Physical capacities assessment in critically ill patients: An exploratory study

Published:December 10, 2021DOI:



      The severity of muscle weakness after critical illness is very heterogeneous. To identify those patients who may maximally benefit from early exercises would be highly valuable. This implies an assessment of physical capacities, comprised at least of strength measurement and functional tests.


      The objective of this study was to investigate the relationship between muscle strength and functional tests in an intensive care unit (ICU) setting.


      Adults with ICU length of stay ≥2 days were included. Handgrip strength (HG) and maximal isometric quadriceps strength (QS) were assessed using standardised protocols as soon as patients were alert and able to obey commands. At the same time, their maximal level of mobilisation capabilities and their autonomy were assessed using ICU Mobility Scale (ICU-MS) and Barthel Index, respectively.


      Ninety-three patients with a median age of 64 [57–71.5] years, body mass index of 26.4 [23.4–29.6] kg/m2, and Simplified Acute Physiology Score II of 33 [27.7–41] were included. Absolute and relative QS were, respectively, 146.7 [108.5–196.6] N and 1.87 [1.43–2.51] N/kg. HG was 22 [16–31] kg. The ICU-MS score was 4 [1–5]. A significant positive correlation was observed between HG and absolute QS (rs = 0.695, p < 0.001) and between HG and relative QS (rs = 0.428, p < 0.001). The ICU-MS score correlated with HG, with a weak positive relationship (rs = 0.215, p = 0.039), but not with QS. The ICU-MS score did not statistically differ between the weakest and strongest patients for absolute or relative QS, but was lower in patients with the lowest HG values (p = 0.01). A weak positive correlation was observed between the Barthel Index and muscle strengths (maximum rs = 0.414, p < 0.001).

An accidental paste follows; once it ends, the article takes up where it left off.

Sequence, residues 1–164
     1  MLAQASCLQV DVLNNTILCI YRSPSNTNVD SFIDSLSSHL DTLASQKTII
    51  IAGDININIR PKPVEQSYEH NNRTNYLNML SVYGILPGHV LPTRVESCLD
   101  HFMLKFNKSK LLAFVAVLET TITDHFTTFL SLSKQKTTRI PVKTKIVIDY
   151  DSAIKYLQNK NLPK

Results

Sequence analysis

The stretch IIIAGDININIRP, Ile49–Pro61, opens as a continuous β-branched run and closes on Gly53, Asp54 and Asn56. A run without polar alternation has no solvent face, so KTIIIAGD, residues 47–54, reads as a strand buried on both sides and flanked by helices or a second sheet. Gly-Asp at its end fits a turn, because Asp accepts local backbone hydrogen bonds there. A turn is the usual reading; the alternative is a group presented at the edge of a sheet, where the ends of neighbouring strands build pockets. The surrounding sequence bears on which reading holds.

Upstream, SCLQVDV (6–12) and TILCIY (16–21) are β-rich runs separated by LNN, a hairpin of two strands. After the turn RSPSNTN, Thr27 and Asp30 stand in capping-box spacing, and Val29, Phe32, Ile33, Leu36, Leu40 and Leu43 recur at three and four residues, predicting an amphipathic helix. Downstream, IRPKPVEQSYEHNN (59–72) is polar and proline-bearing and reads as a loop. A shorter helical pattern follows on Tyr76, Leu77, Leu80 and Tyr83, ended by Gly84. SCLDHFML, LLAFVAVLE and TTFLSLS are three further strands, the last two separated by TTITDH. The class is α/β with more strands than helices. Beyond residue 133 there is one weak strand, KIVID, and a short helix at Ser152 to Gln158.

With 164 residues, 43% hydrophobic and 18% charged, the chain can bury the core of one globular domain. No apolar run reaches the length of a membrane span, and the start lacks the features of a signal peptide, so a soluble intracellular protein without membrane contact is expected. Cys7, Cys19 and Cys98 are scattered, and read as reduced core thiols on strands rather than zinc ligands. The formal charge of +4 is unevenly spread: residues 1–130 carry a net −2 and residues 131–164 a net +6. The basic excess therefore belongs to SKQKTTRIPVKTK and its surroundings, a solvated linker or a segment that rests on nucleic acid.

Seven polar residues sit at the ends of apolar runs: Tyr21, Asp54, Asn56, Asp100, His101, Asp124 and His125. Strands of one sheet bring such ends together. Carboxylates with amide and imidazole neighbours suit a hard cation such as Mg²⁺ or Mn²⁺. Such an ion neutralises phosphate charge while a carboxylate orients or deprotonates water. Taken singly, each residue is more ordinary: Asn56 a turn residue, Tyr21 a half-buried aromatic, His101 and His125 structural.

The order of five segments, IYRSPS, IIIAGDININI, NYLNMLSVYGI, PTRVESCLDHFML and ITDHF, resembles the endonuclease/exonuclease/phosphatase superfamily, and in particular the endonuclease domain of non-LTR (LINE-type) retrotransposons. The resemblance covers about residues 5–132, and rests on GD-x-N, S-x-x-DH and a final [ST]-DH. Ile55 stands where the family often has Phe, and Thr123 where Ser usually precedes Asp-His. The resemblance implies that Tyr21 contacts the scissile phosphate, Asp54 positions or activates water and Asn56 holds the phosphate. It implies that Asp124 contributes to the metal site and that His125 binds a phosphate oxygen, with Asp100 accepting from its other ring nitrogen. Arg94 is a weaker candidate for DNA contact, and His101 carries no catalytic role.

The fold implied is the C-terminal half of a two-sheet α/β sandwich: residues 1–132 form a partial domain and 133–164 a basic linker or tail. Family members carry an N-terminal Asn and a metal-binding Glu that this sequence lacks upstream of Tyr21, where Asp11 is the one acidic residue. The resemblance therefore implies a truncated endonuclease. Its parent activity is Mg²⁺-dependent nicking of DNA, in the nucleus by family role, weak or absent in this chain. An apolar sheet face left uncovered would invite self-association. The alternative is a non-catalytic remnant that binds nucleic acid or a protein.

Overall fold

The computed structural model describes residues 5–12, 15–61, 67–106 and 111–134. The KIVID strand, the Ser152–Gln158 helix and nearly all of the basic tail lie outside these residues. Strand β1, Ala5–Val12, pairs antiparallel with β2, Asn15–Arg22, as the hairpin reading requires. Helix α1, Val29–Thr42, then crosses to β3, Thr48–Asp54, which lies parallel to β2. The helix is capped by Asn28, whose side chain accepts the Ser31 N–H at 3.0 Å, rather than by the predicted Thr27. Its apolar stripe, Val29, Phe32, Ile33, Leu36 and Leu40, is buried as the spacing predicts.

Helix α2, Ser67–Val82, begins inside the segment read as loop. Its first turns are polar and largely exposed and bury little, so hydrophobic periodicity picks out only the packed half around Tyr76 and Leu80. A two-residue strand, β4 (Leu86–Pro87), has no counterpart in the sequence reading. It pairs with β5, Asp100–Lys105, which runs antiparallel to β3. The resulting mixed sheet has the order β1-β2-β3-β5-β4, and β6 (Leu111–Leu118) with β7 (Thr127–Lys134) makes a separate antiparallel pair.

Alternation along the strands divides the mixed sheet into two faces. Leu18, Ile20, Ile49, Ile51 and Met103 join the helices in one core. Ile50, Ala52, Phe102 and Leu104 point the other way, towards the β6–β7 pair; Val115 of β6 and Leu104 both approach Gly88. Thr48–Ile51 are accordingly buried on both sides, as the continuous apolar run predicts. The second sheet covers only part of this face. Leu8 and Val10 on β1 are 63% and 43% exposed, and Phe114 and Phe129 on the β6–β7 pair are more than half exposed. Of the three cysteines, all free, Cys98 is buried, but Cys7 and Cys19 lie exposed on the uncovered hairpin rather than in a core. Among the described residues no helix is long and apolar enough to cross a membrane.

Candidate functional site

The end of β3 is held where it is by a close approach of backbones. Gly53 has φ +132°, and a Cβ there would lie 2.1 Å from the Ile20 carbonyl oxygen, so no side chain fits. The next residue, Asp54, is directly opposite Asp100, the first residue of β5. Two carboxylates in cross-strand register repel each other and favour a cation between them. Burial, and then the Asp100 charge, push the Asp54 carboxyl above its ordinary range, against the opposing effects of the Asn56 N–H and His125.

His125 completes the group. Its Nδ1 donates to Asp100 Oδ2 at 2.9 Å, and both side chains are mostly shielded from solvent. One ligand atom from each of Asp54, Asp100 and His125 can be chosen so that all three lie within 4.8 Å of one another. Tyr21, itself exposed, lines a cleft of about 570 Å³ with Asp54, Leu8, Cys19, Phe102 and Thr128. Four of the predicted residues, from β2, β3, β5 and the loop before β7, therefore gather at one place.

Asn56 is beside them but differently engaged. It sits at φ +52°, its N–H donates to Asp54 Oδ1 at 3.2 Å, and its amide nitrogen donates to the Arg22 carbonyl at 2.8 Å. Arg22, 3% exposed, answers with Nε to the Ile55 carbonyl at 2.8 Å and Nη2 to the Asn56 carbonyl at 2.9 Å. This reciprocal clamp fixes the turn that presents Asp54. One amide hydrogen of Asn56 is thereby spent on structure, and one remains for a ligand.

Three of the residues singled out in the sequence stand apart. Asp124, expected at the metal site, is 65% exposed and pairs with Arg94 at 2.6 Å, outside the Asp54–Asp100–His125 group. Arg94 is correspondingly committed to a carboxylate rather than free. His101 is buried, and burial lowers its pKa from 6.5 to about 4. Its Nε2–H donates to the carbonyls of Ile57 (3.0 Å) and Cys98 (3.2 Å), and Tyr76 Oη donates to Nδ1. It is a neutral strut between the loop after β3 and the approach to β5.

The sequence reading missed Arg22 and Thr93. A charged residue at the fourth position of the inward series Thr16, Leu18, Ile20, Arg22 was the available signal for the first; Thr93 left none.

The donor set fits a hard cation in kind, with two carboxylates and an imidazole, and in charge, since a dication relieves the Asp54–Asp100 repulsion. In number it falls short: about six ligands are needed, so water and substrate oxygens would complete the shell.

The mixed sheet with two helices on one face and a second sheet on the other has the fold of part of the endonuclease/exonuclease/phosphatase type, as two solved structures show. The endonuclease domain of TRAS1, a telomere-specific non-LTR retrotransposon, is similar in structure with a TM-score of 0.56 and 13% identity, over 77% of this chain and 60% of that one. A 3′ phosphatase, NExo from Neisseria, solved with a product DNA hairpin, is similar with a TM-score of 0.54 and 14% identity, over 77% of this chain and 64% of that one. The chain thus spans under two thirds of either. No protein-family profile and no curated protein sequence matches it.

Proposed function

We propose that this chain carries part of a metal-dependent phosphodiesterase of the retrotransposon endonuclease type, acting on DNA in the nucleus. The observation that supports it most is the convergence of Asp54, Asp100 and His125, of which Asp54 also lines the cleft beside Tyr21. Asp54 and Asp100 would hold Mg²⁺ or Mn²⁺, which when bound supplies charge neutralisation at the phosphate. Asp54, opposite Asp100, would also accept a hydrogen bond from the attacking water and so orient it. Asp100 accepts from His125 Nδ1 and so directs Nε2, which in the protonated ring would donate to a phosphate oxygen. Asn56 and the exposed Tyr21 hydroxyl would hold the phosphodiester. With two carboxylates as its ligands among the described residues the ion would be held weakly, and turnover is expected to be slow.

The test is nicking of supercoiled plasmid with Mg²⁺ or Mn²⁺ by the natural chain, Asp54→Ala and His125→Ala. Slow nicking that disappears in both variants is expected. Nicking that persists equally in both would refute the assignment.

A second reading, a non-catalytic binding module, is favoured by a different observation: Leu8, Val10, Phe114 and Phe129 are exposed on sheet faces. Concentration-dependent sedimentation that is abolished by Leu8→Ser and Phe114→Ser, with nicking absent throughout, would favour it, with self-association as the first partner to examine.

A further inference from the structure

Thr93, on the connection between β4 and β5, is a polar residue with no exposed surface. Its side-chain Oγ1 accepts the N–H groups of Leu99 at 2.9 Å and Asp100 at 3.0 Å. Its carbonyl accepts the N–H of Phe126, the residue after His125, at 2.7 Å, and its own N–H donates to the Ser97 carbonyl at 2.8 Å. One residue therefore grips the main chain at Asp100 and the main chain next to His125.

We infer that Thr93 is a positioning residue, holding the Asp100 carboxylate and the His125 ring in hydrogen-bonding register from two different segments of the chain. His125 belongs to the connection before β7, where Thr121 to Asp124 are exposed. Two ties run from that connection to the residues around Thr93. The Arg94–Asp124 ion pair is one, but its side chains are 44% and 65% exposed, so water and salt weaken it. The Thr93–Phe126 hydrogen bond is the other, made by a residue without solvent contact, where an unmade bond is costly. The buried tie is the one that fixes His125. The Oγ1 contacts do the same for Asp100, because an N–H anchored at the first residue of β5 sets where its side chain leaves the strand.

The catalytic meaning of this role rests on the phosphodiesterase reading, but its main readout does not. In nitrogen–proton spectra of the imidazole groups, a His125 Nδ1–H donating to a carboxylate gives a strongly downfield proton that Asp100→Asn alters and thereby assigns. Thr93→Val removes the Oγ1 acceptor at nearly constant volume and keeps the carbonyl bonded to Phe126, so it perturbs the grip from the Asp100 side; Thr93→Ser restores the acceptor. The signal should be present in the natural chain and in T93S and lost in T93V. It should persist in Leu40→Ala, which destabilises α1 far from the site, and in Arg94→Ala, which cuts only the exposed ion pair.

The present results suggest that, during ICU stay, there is no strong association between muscle strength and functional test such as the ICU-MS or Barthel Index. Muscle dynamometry and functional tests are probably complementary tools for physical capacities quantification.


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